In this fifth and final session of ChinaSource summer school, we turn toward the Chinese believers who are called to go out and share the gospel cross-culturally. While they may draw on the methods and missiology of Western workers, they also must face unique challenges and develop unique answers and methods to their circumstances. Below you’ll find an extensive list of articles, series, and issues of the ChinaSource Quarterly which offer a variety of viewpoints on missions beyond China’s borders.
Working cross-culturally is a challenge, no matter the worker’s passport country or mission field. However, Chinese workers have particular challenges that have to be addressed in order for them to be successful. Lisa Tsai, a family therapist from China, analyzes several of the most important issues.
There’s so much to learn about Chinese workers who are sent out to other countries. The winter 2016 issue of CSQ, Cross-Cultural Missions from China, is a treasure trove of articles, testimonies, and resources. Get a sense of how far the Chinese missions movement has come by taking a look at Training Cross-Cultural Workers in China, the spring 2006 issue of CSQ.
Brent Fulton addresses some of the challenges facing China’s gospel workers and looks at the ways Western missions leaders and agencies can change their perspectives to better support their Chinese colleagues.
WU Xi, an experienced Chinese worker, asks the question, “What kind of missiology does China need today?” He examines several different approaches to missiology and calls on workers and researchers to develop a new framework.
This article is from a 2018 series called Research and the Indigenous Chinese Church. WU Xi contributed several posts, as did Peony Tang, Mary Li Ma and LI Jin, and Zoe Zhou.
WU Xi also co-edited the spring 2013 issue of the CSQ, China’s Indigenous Mission Movement. Though it’s an older issue, it’s well worth reading through the academic articles and personal reflections.
Cross-cultural workers from China have lots of energy and commitment to the gospel but have sometimes struggled due to inadequate training before going out to work in foreign mission fields. In this article, GJ and Si Shi (四石) look at more recent developments, including better cross-cultural and language training, which leads to better progress in advancing the kingdom.
It’s also the first article in a 2017 series called Missions from China—A Maturing Movement. The many articles offer insight into Chinese culture, missions methods, and ways other global workers can contribute to their Chinese co-workers.
The Back to Jerusalem movement (BTJ or BTJM) is the concept in Chinese Christianity that the church should send out missionaries from China, through Central Asia, to Jerusalem. In the article, Brent Fulton reviews Back to Jerusalem with All Nations, which seeks to lay a biblical foundation for the BTJ movement.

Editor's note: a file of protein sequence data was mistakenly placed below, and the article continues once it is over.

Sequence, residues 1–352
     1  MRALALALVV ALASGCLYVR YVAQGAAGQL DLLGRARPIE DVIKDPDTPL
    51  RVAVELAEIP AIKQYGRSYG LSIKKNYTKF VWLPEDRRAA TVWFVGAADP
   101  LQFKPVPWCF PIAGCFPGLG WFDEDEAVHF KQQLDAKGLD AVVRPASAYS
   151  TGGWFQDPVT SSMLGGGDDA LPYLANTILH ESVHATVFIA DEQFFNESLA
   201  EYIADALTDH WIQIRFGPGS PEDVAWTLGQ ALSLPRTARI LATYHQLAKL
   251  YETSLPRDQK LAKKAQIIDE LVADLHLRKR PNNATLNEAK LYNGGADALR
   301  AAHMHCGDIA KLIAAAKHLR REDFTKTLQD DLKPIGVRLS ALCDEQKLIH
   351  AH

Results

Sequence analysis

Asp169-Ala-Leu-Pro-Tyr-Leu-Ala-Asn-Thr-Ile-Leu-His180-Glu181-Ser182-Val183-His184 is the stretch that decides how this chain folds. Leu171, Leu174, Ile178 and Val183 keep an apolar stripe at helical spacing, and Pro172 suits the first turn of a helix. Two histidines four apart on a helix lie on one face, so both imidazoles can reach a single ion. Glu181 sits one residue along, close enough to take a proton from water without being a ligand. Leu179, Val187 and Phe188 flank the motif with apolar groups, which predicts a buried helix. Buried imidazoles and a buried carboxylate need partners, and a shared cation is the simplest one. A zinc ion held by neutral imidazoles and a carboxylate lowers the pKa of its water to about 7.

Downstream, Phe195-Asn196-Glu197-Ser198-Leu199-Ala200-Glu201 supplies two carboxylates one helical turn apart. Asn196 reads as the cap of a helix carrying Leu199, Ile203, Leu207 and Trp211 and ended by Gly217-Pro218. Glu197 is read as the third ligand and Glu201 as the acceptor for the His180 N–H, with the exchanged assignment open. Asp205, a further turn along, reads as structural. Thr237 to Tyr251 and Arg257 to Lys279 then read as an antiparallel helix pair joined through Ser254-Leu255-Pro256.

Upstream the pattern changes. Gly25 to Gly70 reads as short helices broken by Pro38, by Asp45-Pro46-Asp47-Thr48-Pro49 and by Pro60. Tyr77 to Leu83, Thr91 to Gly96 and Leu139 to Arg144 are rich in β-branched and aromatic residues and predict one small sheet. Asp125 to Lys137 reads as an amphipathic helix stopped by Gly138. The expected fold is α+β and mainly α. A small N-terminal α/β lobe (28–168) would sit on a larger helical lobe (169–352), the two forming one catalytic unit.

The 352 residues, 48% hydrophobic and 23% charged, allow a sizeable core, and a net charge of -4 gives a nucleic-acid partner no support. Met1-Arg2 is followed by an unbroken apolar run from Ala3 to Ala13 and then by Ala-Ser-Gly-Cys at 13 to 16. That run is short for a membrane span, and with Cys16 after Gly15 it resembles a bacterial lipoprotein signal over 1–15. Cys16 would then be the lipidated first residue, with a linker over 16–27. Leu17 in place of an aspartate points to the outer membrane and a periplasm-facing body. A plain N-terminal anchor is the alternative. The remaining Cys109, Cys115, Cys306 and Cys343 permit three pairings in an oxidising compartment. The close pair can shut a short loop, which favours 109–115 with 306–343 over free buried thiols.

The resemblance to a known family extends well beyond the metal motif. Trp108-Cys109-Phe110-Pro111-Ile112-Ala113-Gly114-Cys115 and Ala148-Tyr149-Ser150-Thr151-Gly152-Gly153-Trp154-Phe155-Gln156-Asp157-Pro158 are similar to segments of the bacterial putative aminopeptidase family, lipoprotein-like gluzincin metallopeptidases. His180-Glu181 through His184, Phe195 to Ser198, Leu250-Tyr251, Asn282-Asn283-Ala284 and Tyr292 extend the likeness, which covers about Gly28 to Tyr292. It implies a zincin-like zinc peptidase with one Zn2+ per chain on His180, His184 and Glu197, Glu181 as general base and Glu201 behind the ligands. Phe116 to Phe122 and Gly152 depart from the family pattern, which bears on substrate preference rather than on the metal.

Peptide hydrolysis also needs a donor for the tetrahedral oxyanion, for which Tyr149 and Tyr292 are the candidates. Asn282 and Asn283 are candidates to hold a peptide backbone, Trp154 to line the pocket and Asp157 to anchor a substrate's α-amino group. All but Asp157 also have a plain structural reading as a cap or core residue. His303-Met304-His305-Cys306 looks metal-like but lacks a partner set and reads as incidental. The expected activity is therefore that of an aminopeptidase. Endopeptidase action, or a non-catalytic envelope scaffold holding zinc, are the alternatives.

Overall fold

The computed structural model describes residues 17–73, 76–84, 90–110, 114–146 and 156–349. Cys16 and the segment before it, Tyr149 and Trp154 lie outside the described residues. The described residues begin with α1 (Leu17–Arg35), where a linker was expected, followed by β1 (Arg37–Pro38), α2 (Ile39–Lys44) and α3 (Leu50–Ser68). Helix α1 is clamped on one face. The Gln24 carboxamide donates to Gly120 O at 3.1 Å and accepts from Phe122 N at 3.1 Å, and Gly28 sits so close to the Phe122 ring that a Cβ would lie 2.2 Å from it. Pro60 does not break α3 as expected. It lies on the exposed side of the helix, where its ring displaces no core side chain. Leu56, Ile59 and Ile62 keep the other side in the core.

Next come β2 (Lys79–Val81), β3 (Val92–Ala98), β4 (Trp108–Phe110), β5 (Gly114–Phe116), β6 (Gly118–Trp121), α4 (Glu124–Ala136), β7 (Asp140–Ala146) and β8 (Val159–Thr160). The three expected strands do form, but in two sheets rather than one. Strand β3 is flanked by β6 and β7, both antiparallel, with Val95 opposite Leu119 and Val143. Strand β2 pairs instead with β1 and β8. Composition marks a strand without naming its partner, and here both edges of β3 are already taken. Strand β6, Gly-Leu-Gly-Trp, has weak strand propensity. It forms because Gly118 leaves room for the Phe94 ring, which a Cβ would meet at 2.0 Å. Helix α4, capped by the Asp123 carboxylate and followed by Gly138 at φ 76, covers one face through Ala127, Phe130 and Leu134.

In this moving testimony, a Chinese worker in Nepal describes his growing up, education, coming to Christ, relationships, and missionary calling. Read the follow-up in part two.
For further reading about Chinese workers in cross-cultural contexts, see the autumn 2019 CSQ, China and Africa.
In the end of 2022, Julie Ma, a regular ChinaSource contributor, sat down for an interview with TT, the founder and director of one of China’s most mature sending structures. He described the effect of the loss of Western workers due to the regulations of the New Era, as well as COVID-19 regulations. He also discusses how Western Christians can truly support and mentor Chinese missionaries.
Tabor Laughlin published his dissertation in 2020 with the title China’s Ambassadors of Christ to the Nations. The publisher describes the book this way: “This book focuses on missionaries sent from one non-Western country, analyzing the experiences of Chinese missionaries on the mission field.” In 2022, the book was translated into Chinese under the title 影响中国跨文化工人
That’s a wrap! Summer school is officially over. We hope this deep dive through our archives has been a good learning experience for all our readers and that you have gotten a deeper sense of the depth and breadth of the Chinese church, and, especially, of the many ways that God works in and through his people in China.
Rachel Anderson serves as the Assistant Content Manager at ChinaSource. Though she has never been to China, her ancestors were missionaries in East Asia and passed on a deep love and respect for those cultures. Rachel lives in Los Angeles with her husband and their five delightful children. View Full Bio
Are you enjoying a cup of good coffee or fragrant tea while reading the latest ChinaSource post? Consider donating the cost of that “cuppa” to support our content so we can continue to serve you with the latest on Christianity in China.